Likewise, on top of a ban on social gatherings, restrictions and limitations on church attendance; the economic impact of the coronavirus including the impact of successive natural calamities/disasters that befell the country has also left many Filipinos without work, financially challenged, or broke. 

Hence, all these taken together, one way or the other, are the very reason why Filipinos can’t celebrate Christmas this year like they used to do. Indeed, the COVID-19 pandemic has been a downer. 

Nevertheless, despite such a forlorn and challenging situation in the Philippines, Filipinos still are determined to have a meaningful and cheerful holiday season ahead of them. They celebrated Christmas day full of joy and happiness in their hearts despite the limitations and restrictions with the fervent hope that the coming year (2021) will be brighter and sunnier than 2020. 

Filipinos to a greater extent will not allow the pandemic to ruin the most important season of the year. Despite quarantine restrictions and financial difficulties, Filipinos will always find ways to have fun and enjoy the holiday season with much hope and vigour with friends and family even if it’s done online. They will make the most of a difficult situation.  

Catholic faithful wearing face masks and shields, stand next to a display depicting the Nativity of Jesus, featuring health workers (R) in personal protective equipment during the first of nine dawn masses signalling the official start of Christmas at a Roman Catholic Church in Manila on 16 December, 2020, amidst COVID-19 pandemic. (AFP Photo)

Amid difficulties, they will find time to laugh with friends and family. This is part of the coping mechanisms of Filipinos which makes them strong, buoyant, resilient, and high-spirited people. 


Indeed, despite the pandemic and the various difficulties it has brought to the Philippines and the world at large, most particularly in how Christmas celebrations and festivities have been altered and restricted to some extent, still, the essence of Christmas remains the same.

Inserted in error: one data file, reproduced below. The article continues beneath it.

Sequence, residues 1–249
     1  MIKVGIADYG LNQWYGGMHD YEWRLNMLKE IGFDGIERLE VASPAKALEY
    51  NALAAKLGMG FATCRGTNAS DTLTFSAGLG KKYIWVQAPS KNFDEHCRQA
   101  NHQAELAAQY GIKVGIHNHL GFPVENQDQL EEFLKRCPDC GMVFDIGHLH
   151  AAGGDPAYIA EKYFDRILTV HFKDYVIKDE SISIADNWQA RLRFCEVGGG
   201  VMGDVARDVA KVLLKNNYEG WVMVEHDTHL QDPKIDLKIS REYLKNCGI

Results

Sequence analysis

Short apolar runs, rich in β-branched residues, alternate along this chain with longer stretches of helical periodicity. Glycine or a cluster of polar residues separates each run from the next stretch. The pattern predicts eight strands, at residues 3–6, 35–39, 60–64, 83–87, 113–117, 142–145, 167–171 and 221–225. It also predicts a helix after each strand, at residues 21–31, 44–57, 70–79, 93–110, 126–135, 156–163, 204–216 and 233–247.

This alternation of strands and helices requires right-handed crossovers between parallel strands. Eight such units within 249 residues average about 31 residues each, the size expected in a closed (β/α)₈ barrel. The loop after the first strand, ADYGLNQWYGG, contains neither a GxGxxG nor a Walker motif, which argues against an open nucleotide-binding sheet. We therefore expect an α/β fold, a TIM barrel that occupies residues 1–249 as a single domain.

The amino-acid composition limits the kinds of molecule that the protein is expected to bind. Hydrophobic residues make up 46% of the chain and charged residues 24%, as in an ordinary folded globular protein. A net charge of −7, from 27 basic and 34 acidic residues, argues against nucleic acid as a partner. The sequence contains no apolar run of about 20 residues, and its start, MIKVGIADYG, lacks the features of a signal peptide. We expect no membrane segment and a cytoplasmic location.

Christmas in the time of the pandemic still means giving, loving, and renewed hope that the future will be brighter and better. It still means charity and goodwill towards all humankind especially those who are less fortunate especially now in this time of the pandemic.

The best and most practical gift Filipinos can give to themselves, to their loved ones and friends is the perseverance and discipline to follow the minimum health standards prescribed by the government like social distancing, wearing of face masks, washing of hands, staying at home and not going to crowded places to protect themselves from the deadly coronavirus. 

Indeed, looking after our own and our loved ones and friends’ health and well-being in this time of the pandemic is the most meaningful Christmas gift that one can give to all.

Source: The ASEAN Post

Prof. Anna Rosario Malindog-Uy

Prof. Anna Rosario Malindog-Uy is a Ph.D. Candidate at the Institute of South-South Cooperation and Development (ISSCAD), Peking University, Beijing, China. She is currently a director and the Vice President for External Affairs of the Asian Century Philippines Strategic Studies Institute (ACPSSI), a think tank based in Manila. She also serves as the political/geopolitical analyst of ACPSSI. Currently, she is a Senior Researcher of the South China Sea Probing Initiative (SCSPI) and a Senior Research Fellow of the Global Governance Institution (GGI). She is also the President of Techperformance Corp, an IT-based company in the Philippines. Prof. Anna Uy taught Political Science, International Relations, Development Studies, European Studies, Southeast Asia, and China Studies. She is a researcher-writer, academic, and consultant on a wide array of issues. She has worked as a consultant with the Asian Development Bank (ADB) and other local and international NGOs.